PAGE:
The fourth season of Mad Men premiered last month, revealing the aftermath of the creation of Sterling Cooper Draper Pryce and the dissolution of the Draper marriage.
To help make sense of it all, we have a panel of insiders from the worlds of television, advertising, and fashion—Richard Drew, Danielle Robinson, Leigh Davenport, and Catie Cambria—to provide their takes on all the sex, the clothes, and of course, the drama.
They weigh in on this week's show, in which Don takes a trip, tensions mount in the office, and Joan gets some much appreciated screentime.
Richard Drew (TV producer and creator of the blog Remote Patrolled): This week's Mad Men was one of those episodes which leave you asking, "What was that all about?"
Aside from Don himself, only Joan and Lane were given any substantial screen time. For Joan we caught a glimpse of the more tender side of her struggling marriage, while in Lane we witnessed a lonely middle-aged man using work to cover the cracks in his life (sound familiar?).
MORE ON Mad Men:
Sady Doyle: Mad Men's Very Modern Sexism Problem
Alyssa Rosenberg: On Not Watching Mad Men
The Atlantic Mad Men Panel: 'Mad Men': The Beginning of the End for Don Draper?
It was a strange episode in that half of the show was based in California, with Don learning of his "friend" Anna's cancer diagnosis—and then heading back to New York to drink, smoke and sleep with hookers! I'm not too sure what the connection was between the two parts —was it to show the evolving loneliness of Don's life, or how he uses sex and alcohol to deal with every crisis? In true Mad Men fashion we're left to decide for ourselves.
I spent much of the show waiting for a defining moment. I thought Don would sleep with Anna's niece and ruin their friendship, or Lane's night out would go awry. But Mad Men doesn't play by the traditional TV rules. Joan cut herself with a kitchen knife and Lane got drunk. And that was essentially last night's "drama."
Meanwhile melancholy hung in the air. Is there anything more depressing than Don's gloomy living room in the cold light of day? Or Joan's marriage? Or Lane's life in general? Mad Men is as strong as ever this season—but it sure isn't happy viewing.
Leigh Davenport (digital content producer at New York advertising company Footsteps Group): People often say that you can tell how successful you're becoming in your job by how rapidly your personal life starts deteriorating. In the case of Don Draper, he should be raking in billions for the amount of misery he's suffering through his first holiday season at his own agency. And as misery loves company, it's a good thing Don has Lane, (whose wife has also left him) to share in his New Year's eve extravaganza of drinking, public pity-partying, and prostitution.
The absence of work-life balance at the top levels of Sterling Cooper Draper Pryce has clearly trickled-down to the other employees. Allison admits to Don longingly that she is without plans for the holiday and in one of the most exciting exchanges of the episode Joan requests extra time off to spend with Greg who has hospital duty over the break. Lane tells Joan "I understand that all men are dizzy and powerless to refuse you," Lane says, "but consider me the incorruptible exception." "Don't go and cry about it," he adds. Despite Joan's seething anger at Lane's chauvinistic behavior, she ends up brutally (and hilariously) firing the secretary whose error resulted in her receiving a bouquet of apology flowers intended for Lane's wife.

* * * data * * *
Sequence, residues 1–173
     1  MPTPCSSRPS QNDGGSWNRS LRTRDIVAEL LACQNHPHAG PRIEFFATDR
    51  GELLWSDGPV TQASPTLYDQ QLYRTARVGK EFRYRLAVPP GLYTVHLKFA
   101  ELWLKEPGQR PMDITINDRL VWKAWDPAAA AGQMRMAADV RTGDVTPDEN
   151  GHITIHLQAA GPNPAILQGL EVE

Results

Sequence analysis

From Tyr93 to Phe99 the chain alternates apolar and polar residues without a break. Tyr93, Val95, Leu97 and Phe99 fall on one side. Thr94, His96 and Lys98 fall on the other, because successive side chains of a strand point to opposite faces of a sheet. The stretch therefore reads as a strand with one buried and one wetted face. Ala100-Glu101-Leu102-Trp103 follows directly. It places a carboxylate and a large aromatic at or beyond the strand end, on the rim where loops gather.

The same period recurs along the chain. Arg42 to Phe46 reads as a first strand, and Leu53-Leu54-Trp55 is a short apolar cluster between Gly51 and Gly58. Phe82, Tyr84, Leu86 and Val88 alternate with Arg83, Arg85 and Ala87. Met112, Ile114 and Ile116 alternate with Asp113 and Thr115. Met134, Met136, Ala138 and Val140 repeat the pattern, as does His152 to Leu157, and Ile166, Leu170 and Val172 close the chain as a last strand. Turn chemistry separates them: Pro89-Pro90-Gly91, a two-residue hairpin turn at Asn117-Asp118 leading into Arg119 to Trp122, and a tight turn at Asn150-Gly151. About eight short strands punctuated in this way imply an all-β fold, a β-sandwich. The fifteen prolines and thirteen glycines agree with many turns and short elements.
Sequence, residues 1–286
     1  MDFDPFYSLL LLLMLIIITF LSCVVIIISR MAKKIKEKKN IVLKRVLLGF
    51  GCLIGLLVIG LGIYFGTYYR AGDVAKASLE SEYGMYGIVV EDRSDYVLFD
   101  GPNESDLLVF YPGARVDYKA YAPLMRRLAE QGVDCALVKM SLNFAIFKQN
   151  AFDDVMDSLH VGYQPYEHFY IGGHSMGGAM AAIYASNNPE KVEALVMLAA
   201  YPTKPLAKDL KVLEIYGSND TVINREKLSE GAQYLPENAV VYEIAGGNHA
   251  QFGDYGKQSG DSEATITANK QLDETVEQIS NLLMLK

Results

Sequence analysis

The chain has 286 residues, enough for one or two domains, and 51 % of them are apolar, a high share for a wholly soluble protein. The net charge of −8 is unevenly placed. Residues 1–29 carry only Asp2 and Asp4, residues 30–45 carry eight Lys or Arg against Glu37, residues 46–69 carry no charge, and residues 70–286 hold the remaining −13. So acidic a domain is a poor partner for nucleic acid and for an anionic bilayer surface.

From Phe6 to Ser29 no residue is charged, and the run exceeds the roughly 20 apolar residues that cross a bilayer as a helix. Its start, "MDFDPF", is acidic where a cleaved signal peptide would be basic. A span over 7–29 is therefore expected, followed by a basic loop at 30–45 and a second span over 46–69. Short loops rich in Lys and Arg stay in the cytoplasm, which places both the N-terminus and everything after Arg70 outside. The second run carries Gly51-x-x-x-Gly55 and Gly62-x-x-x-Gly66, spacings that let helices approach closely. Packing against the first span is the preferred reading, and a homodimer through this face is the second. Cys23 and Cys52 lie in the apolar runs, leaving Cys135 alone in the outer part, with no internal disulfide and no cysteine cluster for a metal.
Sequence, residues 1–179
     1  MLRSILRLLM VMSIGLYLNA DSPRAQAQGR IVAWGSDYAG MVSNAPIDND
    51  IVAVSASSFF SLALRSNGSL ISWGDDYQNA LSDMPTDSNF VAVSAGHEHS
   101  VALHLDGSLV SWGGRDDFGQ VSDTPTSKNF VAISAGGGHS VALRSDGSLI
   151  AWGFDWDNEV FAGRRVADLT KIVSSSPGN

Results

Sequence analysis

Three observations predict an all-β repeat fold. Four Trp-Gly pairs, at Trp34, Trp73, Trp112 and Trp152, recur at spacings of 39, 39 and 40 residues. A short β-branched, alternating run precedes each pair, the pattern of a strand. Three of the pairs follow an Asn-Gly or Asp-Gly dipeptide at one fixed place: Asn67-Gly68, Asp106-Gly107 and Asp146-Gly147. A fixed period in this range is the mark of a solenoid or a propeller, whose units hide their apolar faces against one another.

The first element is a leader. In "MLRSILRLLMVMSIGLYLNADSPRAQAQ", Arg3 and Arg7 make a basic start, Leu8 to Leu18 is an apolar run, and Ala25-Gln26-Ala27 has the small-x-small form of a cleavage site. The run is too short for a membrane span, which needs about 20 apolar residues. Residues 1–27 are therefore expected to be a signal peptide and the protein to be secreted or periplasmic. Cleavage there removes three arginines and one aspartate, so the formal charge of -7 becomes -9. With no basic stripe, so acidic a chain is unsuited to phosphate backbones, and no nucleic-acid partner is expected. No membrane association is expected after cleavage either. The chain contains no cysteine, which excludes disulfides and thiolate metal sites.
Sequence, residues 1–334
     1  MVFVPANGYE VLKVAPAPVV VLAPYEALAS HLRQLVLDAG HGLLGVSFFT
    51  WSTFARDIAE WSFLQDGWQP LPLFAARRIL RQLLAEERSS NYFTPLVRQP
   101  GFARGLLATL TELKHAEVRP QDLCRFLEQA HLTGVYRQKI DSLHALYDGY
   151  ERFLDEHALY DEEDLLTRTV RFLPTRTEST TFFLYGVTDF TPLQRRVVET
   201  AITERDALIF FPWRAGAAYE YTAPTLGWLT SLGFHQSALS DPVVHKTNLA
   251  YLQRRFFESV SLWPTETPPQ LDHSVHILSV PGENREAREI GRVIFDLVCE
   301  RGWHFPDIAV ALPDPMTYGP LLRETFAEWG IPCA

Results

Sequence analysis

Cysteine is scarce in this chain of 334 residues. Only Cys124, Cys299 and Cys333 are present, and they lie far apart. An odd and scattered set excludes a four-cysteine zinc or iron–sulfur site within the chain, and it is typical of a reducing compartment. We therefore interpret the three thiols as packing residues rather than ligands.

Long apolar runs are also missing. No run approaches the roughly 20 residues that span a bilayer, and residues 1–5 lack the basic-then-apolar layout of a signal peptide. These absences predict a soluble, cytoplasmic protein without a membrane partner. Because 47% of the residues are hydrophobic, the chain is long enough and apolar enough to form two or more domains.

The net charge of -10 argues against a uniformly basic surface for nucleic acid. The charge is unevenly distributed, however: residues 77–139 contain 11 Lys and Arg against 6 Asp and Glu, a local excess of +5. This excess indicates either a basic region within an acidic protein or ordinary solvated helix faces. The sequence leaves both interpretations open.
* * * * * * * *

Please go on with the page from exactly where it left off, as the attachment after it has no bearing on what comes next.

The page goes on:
However, the most exciting parts of this week's episode were found in the foreshadowing of social and political turmoil that will surely disrupt the lives of everyone at the agency. Joan is overwhelmed with worry that Greg will be sent off to Vietnam and during Don's visit to his former lover Anna, there is a quick reference to the freedom sit-ins at Berkeley. The episode closes with Joan saying, "Men, shall we begin 1965?" We cannot to wait to see how Mad Men tackles one of the most controversial years in American history.
Catie Cambria (fashion publicist at Donna Karan New York): Anna's sister sneers at Don, "You just can't keep your pants on, can you?" It was a question I was wondering myself as I continue to watch this aging Lothario lumber through his life. Don's once irresistible charm now seems tired and pathetic, and a sentiment echoed in the way women respond to him. Don is corny, even creepy when he strokes Stephanie's hair and tells her she is "so beautiful," and foolish when she rebuffs him and breaks the news that Anna has terminal cancer.
Still more foolish is Don's accusation that Anna's sister has not done enough, to which she levels a searing accusation: "You're just a man in a room with a checkbook. I'm sorry." Those words are enough for Don to abandon any notions of heroism towards Anna, and his quick resignation makes it hard to believe his sincerity. He leaves and he signs her wall, "Dick & Anna, 1964," knowing that both names will cease to exist in the New Year approaching.
Back in New York, Don and newly separated Lane go on an alcohol-soaked bender. Don seems almost pleased to have some one to share in his misery, and when Lane seeks advice, he offers a call girl. At a smoke-filled club, the on-stage comedian gleefully takes shots at Don and Lane. When their gaudy, glittering girls enter and greet them, the comedian quips, "You're not queers... you're rich."
And isn't that exactly all that Don Draper is at this point? Don and Lane sleep with their respective girls, and the morning after, Lane throws money at Don before exiting. "A man in a room with a checkbook" never rang so true.
Past Mad Men panels: